While rising water levels is monumental, Israel turns to desalination as its source for drinking water, and the lake’s water quality has taken the forefront of environmental concerns.
Lake Kinneret, Israel’s northernmost and only freshwater lake, has inspired much awe and curiosity throughout the country’s history, and its fortune seems to have become intertwined with those of the people dwelling along its shores.
With a recent and rapid rise in the lake’s water levels, much excitement has been sparked: after almost 20 years of steady decline, two wet winters have given the Kinneret the comeback Israelis have been waiting for.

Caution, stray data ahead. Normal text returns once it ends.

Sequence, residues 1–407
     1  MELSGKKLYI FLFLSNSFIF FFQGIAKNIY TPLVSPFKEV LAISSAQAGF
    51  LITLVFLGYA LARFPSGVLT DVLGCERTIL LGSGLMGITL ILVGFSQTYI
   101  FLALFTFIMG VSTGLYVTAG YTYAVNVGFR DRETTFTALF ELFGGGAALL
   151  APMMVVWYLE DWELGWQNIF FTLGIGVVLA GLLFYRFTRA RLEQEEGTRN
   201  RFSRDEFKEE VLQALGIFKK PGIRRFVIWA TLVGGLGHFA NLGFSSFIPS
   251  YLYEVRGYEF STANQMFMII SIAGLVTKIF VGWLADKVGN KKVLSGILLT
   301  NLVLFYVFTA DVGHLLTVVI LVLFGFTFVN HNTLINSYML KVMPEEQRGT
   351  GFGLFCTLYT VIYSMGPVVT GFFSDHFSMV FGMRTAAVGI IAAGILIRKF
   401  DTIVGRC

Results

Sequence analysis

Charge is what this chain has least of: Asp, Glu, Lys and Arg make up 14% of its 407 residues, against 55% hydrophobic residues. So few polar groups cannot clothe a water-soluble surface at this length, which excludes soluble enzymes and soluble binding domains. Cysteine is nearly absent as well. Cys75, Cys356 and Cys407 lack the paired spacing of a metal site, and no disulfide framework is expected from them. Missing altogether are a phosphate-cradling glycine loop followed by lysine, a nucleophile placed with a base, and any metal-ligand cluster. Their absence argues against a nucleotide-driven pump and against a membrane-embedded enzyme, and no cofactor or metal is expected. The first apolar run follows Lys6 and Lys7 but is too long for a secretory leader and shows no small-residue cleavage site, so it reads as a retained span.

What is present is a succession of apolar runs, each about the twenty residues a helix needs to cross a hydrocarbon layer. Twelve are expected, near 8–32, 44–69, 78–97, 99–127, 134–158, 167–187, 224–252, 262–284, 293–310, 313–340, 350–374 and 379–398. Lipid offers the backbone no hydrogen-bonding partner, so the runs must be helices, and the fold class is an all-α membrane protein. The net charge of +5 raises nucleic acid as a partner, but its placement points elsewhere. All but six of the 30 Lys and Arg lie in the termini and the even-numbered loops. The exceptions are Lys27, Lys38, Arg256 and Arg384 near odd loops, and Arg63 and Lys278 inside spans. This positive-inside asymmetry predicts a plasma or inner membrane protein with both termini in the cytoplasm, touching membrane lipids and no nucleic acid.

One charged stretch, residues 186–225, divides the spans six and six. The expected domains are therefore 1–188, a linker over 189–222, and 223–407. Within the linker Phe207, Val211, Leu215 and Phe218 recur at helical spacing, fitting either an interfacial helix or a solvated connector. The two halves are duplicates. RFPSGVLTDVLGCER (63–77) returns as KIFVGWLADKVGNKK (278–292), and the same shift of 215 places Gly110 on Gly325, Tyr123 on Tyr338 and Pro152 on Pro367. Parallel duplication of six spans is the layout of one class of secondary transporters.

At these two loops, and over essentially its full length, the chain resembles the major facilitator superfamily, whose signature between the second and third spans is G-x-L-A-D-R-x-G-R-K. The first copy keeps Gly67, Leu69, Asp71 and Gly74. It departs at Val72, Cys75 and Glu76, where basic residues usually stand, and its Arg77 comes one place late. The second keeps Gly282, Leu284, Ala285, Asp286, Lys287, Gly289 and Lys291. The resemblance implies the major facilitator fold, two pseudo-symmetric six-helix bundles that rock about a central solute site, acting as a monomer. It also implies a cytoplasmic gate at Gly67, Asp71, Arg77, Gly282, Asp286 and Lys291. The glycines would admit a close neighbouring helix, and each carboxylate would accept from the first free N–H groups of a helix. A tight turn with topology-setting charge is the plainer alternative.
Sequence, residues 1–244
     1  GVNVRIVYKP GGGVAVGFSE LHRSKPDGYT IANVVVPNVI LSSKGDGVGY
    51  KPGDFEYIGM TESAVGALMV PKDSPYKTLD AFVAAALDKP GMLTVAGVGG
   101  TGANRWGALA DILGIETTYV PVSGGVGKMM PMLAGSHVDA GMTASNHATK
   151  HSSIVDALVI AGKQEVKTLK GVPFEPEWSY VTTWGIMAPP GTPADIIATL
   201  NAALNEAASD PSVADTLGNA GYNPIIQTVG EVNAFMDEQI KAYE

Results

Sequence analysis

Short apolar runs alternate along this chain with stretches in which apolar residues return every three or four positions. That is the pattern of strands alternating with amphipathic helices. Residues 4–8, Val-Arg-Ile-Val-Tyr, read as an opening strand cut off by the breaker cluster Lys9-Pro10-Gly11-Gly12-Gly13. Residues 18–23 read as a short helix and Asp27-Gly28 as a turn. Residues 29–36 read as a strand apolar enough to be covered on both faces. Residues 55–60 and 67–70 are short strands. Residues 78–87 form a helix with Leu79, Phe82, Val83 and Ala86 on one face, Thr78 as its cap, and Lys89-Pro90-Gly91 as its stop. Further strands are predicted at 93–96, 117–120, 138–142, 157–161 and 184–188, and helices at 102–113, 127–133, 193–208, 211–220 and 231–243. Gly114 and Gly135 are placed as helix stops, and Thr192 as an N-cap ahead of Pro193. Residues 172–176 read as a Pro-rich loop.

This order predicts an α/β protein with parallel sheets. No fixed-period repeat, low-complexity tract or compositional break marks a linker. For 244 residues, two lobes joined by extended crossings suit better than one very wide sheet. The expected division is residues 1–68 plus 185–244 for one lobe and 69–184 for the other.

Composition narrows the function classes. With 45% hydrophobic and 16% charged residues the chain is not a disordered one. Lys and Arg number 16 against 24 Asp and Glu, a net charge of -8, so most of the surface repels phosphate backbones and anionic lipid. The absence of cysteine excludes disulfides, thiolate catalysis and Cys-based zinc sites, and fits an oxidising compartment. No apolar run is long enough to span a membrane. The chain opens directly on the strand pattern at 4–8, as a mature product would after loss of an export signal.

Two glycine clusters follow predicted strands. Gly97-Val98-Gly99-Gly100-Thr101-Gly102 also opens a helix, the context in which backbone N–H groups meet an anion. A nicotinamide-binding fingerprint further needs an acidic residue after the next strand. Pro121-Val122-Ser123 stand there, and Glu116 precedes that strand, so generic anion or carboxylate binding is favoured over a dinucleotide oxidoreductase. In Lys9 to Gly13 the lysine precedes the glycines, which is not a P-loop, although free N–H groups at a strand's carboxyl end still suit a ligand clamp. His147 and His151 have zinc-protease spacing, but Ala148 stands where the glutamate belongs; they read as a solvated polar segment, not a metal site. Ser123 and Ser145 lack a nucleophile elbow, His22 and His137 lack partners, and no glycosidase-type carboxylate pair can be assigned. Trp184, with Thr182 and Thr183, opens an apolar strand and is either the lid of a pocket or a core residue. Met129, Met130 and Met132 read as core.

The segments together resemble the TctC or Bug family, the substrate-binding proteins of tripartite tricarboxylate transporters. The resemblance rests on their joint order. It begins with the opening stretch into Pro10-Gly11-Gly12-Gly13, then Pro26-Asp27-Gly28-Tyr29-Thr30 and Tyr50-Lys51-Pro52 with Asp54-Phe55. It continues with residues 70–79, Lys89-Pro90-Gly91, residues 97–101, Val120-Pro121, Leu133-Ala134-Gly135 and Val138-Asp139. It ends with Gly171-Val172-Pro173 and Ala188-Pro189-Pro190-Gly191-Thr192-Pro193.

The lake has risen at a rate of around a half a centimeter per day this spring. It has reached -209.19 cm., just 39 cm. shy of spilling over its banks and flooding Tiberius, according to a report from Israel’s Water Authority on March 25.
Why is the lake’s water level so significant? What is causing the sudden and unexpected rise? And what could be the implications of fully opening the dam for the first time in 26 years?
From an article in The Jerusalem Post Read the rest of the article here